Web traffic analysis
Perhaps less well known, but also from Google, is the Google Webmaster Tools suite of utilities. Again you log in to this using the same Google account which you created for Google Analytics, and add the url of your site. You’ll need to validate your site, in other words, prove to Google that you own the site. This can be done by adding special information in the header of your website, adding a specific record to your DNS, or validating using the Google Analytics scripts. Google Webmaster tools can help you with a variety of matters to improve your SEO, but one of the interesting from the point of view of web traffic analysis is that it allows you to see what search term have been used to find your site from Google. While traditional web traffic analysis used to be able to do this, with the advent of SSL used by most search engines to improve privacy, this information is now longer available in the referrer information for the browser.
This web site has too few pages to need a search just now, however again, Google provides Google Custom Search engine for search. It’s worth noting that that Google will show Ads in your page unless you are a not-for-profit organization.
Traditionally it’s only been banks and ecommerce sites which offered encrypted connection to their web sites, and with good reason since purchasing SSL certificates was a complex and expensive process requiring real world validation of the businesses requiring the certificate. The main free alternative was the self-signed certificate - and while that provided an encrypted connection, the little lock on the browser was not shown, as it didn’t provide any real guarantee that the end user was talking to the right website. In more recent times, the value of privacy for all web traffic has become to be more important, and more players entered the market, the price of SSL certificates came down. Nowadays it’s possible to get SSL certificates for free provided you can prove to the certificate authority (CA) that you control the domain. Launched towards the end of 2015, there is a service called “Let’s Encrypt” which provides a fully automated client for request and renewal of SSL certificate, in some cases the client will even install the certificate into the web server for you. The other alternative I found was to use the Content Delivery Network (CDN), Cloudflare (more on that below). With some simple configuration in their control panel, your pages will be delivered through their network using SSL. They will also provide you with a certificate, valid up to 15 years, which you can install on your web server so Cloudflare can pull your pages through to its CDN via SSL too.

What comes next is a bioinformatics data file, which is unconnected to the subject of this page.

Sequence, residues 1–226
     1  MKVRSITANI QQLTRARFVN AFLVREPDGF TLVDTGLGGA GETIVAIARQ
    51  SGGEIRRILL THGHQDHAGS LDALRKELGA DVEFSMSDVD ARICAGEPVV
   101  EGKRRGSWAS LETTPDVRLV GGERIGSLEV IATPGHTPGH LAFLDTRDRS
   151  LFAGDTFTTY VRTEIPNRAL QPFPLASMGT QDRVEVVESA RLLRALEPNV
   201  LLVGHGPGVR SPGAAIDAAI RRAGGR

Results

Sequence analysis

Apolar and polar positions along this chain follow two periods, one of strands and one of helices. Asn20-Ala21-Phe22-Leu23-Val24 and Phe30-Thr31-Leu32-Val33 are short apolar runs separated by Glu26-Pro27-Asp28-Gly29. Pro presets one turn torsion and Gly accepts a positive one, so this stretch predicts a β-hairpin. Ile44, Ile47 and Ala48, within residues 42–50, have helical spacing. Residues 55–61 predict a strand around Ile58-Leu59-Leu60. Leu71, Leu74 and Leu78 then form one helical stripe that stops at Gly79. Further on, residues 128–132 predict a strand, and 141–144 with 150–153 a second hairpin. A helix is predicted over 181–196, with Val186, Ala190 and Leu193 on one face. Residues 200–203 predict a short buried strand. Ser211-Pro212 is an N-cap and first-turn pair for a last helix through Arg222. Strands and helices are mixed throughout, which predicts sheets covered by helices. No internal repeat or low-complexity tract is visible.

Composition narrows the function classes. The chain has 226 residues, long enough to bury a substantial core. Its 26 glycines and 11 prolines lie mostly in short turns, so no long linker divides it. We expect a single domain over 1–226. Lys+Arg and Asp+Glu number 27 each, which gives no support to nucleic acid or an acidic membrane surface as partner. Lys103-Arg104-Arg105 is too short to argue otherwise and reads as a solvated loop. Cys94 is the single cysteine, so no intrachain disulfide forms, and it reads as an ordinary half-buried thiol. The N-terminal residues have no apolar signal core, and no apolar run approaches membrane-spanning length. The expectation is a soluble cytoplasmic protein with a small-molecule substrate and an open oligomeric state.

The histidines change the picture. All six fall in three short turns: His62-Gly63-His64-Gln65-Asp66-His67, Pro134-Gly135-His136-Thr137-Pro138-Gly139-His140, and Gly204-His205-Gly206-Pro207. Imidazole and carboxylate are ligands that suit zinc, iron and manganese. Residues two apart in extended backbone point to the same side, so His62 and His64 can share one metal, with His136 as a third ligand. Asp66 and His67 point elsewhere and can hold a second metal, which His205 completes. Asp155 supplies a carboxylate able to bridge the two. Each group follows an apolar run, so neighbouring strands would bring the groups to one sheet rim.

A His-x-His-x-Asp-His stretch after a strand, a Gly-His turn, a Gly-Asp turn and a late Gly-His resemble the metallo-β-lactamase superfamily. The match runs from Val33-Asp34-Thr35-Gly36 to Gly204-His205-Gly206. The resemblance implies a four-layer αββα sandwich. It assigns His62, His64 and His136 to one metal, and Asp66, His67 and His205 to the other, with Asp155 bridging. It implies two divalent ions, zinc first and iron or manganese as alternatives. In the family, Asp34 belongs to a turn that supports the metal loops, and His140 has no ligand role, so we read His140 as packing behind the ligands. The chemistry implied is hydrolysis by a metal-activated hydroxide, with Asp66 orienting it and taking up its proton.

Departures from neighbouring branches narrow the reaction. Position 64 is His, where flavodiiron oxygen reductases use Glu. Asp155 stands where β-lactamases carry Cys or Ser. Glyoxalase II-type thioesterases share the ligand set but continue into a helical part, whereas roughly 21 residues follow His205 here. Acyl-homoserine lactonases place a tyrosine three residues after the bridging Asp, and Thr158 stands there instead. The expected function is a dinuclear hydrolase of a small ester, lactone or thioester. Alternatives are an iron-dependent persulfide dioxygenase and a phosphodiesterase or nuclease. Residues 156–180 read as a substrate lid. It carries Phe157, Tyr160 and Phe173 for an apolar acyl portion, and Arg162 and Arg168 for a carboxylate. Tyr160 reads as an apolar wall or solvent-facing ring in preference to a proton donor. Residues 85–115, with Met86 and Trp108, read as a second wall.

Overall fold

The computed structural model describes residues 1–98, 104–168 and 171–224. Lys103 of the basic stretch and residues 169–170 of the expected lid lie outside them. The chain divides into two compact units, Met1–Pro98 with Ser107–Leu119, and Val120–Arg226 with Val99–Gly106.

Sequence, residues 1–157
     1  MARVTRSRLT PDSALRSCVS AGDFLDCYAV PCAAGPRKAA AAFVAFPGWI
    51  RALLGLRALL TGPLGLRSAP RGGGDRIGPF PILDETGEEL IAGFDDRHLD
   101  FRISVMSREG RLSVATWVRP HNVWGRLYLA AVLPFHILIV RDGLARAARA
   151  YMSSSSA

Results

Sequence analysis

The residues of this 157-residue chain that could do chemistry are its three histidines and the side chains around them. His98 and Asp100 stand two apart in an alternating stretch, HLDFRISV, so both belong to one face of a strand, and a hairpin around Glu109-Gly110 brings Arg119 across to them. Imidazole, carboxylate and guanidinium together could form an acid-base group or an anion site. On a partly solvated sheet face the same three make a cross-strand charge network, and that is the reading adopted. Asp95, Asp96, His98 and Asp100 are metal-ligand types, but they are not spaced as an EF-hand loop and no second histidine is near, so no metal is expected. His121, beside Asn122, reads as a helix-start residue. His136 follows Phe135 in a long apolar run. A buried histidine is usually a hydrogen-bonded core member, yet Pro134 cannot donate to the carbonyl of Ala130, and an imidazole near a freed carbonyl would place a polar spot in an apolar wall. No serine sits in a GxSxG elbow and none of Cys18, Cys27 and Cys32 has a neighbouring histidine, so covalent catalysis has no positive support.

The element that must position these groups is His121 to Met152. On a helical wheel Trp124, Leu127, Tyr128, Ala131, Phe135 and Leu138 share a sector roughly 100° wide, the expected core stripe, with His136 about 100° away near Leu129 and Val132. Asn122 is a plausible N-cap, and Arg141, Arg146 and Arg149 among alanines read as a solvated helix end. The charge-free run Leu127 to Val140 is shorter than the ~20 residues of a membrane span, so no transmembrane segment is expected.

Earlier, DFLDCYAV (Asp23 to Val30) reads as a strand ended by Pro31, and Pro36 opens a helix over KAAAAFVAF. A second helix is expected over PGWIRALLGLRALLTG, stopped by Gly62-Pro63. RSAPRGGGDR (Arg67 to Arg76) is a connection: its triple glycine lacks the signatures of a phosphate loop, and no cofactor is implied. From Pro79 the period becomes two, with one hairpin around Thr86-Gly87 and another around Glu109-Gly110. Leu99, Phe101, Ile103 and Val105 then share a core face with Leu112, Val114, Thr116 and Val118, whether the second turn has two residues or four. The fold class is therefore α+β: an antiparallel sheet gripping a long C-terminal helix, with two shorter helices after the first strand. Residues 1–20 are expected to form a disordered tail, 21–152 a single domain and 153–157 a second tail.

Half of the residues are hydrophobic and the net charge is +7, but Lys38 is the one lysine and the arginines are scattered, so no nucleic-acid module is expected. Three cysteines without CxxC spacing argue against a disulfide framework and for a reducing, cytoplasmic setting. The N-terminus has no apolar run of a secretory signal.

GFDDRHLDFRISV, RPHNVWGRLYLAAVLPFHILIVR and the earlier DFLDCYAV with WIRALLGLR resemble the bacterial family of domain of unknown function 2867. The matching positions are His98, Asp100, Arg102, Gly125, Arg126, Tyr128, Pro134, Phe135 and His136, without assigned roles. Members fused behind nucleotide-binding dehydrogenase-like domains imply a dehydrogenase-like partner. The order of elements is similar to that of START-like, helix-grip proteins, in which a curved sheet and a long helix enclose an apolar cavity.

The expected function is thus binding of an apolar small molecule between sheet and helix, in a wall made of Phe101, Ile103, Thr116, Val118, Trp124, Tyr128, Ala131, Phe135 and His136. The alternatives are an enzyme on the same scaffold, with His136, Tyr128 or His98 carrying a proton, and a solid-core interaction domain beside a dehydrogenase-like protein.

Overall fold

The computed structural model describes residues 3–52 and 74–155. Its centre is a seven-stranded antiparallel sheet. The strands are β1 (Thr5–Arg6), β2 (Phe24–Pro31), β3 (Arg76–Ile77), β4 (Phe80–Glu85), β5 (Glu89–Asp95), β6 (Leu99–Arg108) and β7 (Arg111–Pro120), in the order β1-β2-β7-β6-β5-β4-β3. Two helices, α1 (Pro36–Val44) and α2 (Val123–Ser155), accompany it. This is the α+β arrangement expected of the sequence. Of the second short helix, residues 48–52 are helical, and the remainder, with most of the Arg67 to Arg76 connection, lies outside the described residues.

EU Cookie law
https://staticapps.org/articles/authentication-and-authorization/ • https://www.firebase.com/ (looks more interesting for authenticating ) • https://www.userapp.io/